Top: Kerry Robinson (CNS/Gregory A. Shemitz); Cecilia González-Andrieu (Flickr/LMU Library). Bottom: Joan Rosenhauer (JRS); Arlene Montevecchio (St. Mary's College).
Women's inroads as leaders in the church and society is to be celebrated, but there is still much work to do so that churches, businesses and governments can benefit from the gifts and talents of half the human race.
So say speakers tapped to share their wisdom on the topic of women's leadership at the second Women of the Church conference, scheduled for Oct. 18-20 at St. Mary's College in Notre Dame, Indiana.
"The entire future of the global Catholic Church depends on women," said Kerry Robinson, founding executive director and global ambassador for the Washington, D.C.-based Leadership Roundtable, which promotes best practices and accountability in Catholic Church management and finances.
Women are "an underutilized resource," Robinson told NCR. "Promoting talented, faith-filled, exemplary leaders is a matter of managerial and moral urgency."
Robinson, who will speak on "Women, Leadership, Decision-Making, and the Church" at the conference, said tying leadership to ordination hinders the church from making the best decisions and carrying out its mission.
"We need more women in decision-making," she said, noting that diverse leadership leads to better decision-making.
Leadership also was the focus of the first conference, hosted in 2016 by the Sisters of St. Benedict of Ferdinand, Indiana, in partnership with St. Meinrad Seminary and School of Theology. It was organized as a response to Pope Francis' call for a "more incisive female presence" in his 2013 apostolic exhortation Evangelii Gaudium ("The Joy of the Gospel").
The upcoming conference is meant to respond to the signs of the times, said organizer Arlene Montevecchio, director of the Center for Spirituality at St. Mary's College.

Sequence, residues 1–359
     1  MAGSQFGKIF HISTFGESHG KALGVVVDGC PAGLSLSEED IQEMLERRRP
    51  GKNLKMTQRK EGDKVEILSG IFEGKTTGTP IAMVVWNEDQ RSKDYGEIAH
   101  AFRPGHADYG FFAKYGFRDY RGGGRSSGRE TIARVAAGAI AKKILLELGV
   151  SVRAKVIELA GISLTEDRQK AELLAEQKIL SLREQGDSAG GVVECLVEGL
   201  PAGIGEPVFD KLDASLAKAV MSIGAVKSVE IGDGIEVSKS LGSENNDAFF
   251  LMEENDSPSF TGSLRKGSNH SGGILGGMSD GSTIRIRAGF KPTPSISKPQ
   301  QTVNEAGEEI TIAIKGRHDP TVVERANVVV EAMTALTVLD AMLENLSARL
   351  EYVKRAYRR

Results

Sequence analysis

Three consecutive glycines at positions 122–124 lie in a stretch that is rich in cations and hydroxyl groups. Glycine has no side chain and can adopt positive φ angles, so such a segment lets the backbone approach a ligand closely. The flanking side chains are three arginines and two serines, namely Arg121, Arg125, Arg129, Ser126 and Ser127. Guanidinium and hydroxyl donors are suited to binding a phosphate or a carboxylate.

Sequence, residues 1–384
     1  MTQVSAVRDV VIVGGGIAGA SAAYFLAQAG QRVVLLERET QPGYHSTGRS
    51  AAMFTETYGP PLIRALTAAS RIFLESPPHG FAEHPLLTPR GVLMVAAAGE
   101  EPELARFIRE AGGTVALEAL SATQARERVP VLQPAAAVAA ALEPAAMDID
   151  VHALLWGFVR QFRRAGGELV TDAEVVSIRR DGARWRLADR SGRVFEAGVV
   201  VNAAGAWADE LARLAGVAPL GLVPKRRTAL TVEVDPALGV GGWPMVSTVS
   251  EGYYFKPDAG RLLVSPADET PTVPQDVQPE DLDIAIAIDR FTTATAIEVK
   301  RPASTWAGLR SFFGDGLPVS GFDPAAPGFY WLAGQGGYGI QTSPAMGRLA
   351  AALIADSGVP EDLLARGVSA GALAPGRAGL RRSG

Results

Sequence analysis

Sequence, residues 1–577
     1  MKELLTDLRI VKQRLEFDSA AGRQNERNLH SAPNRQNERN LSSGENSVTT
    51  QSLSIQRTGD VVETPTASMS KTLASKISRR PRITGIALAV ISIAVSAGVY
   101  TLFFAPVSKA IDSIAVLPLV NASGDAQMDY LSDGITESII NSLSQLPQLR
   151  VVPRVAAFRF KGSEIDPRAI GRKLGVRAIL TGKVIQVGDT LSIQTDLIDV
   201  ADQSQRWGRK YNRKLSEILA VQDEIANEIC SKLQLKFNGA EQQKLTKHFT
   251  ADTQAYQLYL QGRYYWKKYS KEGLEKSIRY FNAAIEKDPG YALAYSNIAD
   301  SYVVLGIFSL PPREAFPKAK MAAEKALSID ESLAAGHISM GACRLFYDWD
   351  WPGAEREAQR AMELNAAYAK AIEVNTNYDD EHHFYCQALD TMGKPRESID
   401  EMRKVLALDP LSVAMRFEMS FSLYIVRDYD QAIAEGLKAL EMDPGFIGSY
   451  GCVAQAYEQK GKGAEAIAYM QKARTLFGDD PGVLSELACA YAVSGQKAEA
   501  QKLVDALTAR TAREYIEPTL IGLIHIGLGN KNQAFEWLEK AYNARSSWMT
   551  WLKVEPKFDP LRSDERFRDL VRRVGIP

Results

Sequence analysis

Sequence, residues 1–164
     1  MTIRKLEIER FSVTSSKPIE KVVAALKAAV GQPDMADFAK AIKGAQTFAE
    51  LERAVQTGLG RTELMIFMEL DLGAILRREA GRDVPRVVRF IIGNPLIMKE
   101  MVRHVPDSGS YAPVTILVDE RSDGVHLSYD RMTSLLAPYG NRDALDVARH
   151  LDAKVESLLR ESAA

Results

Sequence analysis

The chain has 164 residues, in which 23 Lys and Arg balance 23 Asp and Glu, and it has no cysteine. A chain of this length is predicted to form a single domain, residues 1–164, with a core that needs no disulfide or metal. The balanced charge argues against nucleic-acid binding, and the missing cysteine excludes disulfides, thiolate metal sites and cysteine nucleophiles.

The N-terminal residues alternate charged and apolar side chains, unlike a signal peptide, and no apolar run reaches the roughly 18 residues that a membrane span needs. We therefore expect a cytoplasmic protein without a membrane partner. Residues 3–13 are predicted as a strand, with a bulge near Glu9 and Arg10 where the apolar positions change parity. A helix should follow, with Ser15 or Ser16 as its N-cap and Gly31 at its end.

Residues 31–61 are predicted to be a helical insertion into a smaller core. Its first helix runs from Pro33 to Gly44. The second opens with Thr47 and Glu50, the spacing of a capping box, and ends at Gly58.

"Women's voices are rising all over the world," Montevecchio said. "We want to look at women's leadership as a source of strength in the Catholic Church and in society as well."
Despite the contributions of individual women, including women religious, "looking at the bigger picture, the leadership of women has been eclipsed by the leadership of men," said Joan Rosenhauer, executive director of Jesuit Refugee Service/USA in Washington, D.C.
And clericalism has led to a "warped" understanding of leadership, she said. "The idea of servant leadership, which is so clearly at the heart of being a disciple of Christ, got lost," Rosenhauer told NCR.
Instead, some clergy see ordination as a path to serving their own advancement, desires and comfort — protecting themselves, or the church, at the expense of the most vulnerable, she said.
The current focus on fighting clericalism, in response to sexual abuse and cover-up in the church, has put attention on lay leadership, including that of women, said Rosenhauer, who will speak on "Challenges and Opportunities: The Role of Women Leaders in the Church and Beyond."
Yet advocating for women's leadership is not about the institution or preserving it, but rather about how to organize to best do the work of the church, said Cecilia González-Andrieu, associate professor of theology at Loyola Marymount University in Los Angeles.
'We are not interlopers. We are not latecomers. We are not peripheral. And if we are the church, we need to do the work of the church.'
"The church needs to be organized for the work, not the other way around," González-Andrieu told NCR. "It's not about how we divvy up power, but rather looking at how do we take care of the vulnerable."
Her talk, "#MineToo: Why Robust Women's Voices Are Indispensable to the Church," will draw on liberation, pastoral and feminist theologies as well as Ignatian spirituality.
"It is our church, too," she said. "We are not interlopers. We are not latecomers. We are not peripheral. And if we are the church, we need to do the work of the church."
That involves working not only for "human flourishing," but "planet flourishing" by focusing on the most vulnerable. "That is always Jesus' priority," she said.
The work of the church "isn't about teaching doctrine or wearing lace or having liturgies and speaking Latin," she said. "It's about who is hurting, and how does God's love reach them."
And the Holy Spirit does not figure out who has an X chromosome or a Y chromosome when calling people to building the reign of God, she said.
"There is work to be done," González-Andrieu said. "And we are here to do it."
For more information or to register for the conference, visit www.womenofthechurch.org.